I have had to learn how to swim now four times in my life.
- As a child when I was maybe three or four and my parents had me take “little tadpools” swim lessons — or whatever the classes were called at the time.
- As an adult when I decided to participate in my first triathlon the summer of 2012 and had never done any “serious swimming” before.
- As an adult when I found out I was injured from running last summer and needed to learn how to swim on a consistent basis and for a longer period of time.
- Most recently, as of a week ago, when my physical therapist told me to continue swimming without kicking my legs!
This post is going to be devoted to the fourth point because I have conveniently linked out to past posts about points #2 and #3 and I didn’t have a blog when I was four.
Ever since re-learning how to swim as an adult for my triathlon five years ago, I have had mad respect for swimmers. They are tough. They are relentless. They are strong. They can freakin’ hold their breath for so much longer than the average person!
And, now that I have attempted to swim without kicking my legs — so, yes, only using my arms — my respect for swimmers has increased twofold.
I arrived at the pool Friday a little nervous. I was hoping that the lap lanes were not crowded because I didn’t want to be bumping into other swimmers. Luckily, I only had to share the lane with one other woman so we split the lane. She’s someone I regularly see at the pool and for some reason this time we started chatting and actually introduced ourselves to each other. I mentioned to this 60-something-year-old woman that I probably wouldn’t be in the pool for very long today since I was going to be swimming without kicking for the first time. She replied that she thinks that swimming without kicking is easier.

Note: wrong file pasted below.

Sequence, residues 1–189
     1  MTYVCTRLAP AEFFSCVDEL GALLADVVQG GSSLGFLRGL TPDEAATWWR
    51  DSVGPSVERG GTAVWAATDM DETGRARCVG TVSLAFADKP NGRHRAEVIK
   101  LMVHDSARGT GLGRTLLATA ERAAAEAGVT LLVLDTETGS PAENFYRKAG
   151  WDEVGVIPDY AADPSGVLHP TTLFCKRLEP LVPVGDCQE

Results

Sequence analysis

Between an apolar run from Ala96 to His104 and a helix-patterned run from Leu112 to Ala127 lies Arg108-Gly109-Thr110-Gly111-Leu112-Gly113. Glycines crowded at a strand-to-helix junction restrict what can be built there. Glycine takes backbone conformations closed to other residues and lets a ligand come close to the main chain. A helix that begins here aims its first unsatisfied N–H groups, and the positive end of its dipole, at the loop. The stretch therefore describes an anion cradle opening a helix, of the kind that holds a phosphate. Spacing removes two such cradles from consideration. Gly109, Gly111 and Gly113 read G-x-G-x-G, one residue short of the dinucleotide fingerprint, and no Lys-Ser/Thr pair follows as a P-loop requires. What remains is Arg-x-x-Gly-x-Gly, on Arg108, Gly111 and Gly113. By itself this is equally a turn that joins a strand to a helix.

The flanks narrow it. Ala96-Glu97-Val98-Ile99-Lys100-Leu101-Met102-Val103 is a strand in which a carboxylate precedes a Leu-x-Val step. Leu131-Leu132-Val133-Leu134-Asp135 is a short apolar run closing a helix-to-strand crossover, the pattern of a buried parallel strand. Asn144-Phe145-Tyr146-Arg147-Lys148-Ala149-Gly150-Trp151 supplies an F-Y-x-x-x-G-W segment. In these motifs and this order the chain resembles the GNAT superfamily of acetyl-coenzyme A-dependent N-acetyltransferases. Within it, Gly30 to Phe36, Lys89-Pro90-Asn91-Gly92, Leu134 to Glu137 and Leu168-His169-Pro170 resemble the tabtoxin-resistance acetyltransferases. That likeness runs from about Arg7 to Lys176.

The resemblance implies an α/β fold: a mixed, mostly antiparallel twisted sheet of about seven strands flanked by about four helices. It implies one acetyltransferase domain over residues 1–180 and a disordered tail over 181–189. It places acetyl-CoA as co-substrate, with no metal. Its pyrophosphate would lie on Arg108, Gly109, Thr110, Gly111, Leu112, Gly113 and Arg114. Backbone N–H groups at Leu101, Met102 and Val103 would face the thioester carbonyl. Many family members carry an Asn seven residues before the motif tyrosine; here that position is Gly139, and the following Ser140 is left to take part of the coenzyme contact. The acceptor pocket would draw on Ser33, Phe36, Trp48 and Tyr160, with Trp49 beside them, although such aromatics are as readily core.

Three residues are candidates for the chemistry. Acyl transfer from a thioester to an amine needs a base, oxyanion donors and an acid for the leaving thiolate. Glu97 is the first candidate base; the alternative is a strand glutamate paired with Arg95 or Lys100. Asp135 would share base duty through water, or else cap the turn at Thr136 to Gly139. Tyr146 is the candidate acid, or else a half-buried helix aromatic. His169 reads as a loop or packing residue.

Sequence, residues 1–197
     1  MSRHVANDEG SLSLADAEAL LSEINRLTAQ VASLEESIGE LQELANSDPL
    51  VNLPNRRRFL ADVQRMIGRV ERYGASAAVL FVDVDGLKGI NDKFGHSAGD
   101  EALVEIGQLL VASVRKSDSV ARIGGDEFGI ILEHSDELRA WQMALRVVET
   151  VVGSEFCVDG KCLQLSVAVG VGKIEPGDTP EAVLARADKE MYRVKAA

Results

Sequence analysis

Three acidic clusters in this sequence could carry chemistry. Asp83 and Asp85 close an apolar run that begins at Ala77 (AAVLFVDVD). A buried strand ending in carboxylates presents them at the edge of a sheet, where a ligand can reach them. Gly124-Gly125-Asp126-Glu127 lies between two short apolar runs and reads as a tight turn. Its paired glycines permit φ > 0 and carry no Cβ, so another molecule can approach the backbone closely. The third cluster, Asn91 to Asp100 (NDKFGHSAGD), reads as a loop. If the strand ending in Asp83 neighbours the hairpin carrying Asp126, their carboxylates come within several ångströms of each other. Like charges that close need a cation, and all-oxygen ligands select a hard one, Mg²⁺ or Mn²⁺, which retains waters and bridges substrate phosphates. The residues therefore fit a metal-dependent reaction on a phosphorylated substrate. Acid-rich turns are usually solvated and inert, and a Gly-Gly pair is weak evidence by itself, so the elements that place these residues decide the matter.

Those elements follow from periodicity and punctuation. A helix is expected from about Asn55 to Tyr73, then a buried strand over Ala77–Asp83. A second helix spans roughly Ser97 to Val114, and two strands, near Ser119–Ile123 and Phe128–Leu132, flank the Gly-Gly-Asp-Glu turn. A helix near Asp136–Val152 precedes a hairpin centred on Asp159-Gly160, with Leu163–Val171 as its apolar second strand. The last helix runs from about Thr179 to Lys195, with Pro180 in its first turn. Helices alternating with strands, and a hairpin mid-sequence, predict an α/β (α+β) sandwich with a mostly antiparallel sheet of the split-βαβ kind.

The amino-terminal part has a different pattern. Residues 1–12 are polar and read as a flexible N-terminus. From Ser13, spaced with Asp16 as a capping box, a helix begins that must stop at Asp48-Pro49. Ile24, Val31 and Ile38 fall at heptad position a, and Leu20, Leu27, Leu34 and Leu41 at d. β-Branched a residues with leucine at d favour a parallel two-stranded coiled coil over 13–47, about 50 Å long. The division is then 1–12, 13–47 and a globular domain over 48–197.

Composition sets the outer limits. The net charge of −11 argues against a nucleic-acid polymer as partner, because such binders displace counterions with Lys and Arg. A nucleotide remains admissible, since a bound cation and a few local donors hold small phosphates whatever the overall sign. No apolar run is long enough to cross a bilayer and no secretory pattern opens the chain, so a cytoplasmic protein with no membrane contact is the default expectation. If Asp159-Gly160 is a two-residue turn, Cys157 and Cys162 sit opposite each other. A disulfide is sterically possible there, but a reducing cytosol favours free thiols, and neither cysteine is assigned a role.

I placed the little floatie-thing — is there a name for it? — between my legs, just above my knees, and was on my way. As soon as I swam my first stroke, I felt uneasy. My stroke felt “uncontrollable.” I don’t know how to explain it other than saying that my lower half of my body felt like it was floating so much that my top half felt like it was being submerged under water with a greater force than normal. I felt like I couldn’t easily turn my head to take my breaths of air. Whenever my hands and arms would swing back into the water, I felt like I was pounding into the water and creating huge splashes. Sometimes, my arm would even waver and cross over my body as it re-entered the water.
I basically felt like I was not in complete control of my body. A few times I even swam too close to the lines that divide the lanes and ended up hitting the plastic markers!
Oh, and I was moving way slower than I normally do when I swim while kicking.
This was all so hard that after one lap I wanted to quit. I took off my googles, because for some reason they were fogging up, and looked over to my new friend and said, “Wow, that was tough! I don’t know how many more of these I can do.”
I don’t know what I was expecting her to say to me but what she did say kept me going.
“I’m rooting for you, Kristin!” she replied and dunked her body back into the water and continued with her laps.
OK, if this woman thinks I can do it, I can do a few more, right?
With each lap I completed, the easier it became and the more comfortable I felt about my new swimming routine. I kept telling myself, get to 5 laps, then get to 10 laps, until I reached 15 laps and decided to call it a day.
For reference, I normally swim 30 to 36 laps on an average good day, with upwards of 40 to 45 laps on a really good day.
The good news was that after this workout, I didn’t experience any knee pain. The main reason my physical therapist does not want me kicking while swimming is because I told him that sometimes I have knee pain while swimming.
I’m doing all of this — including my PT exercises — to build strength and eliminate my knee pain.
And, so that I can get back to running once again.
So I’m OK with learning how to swim yet again.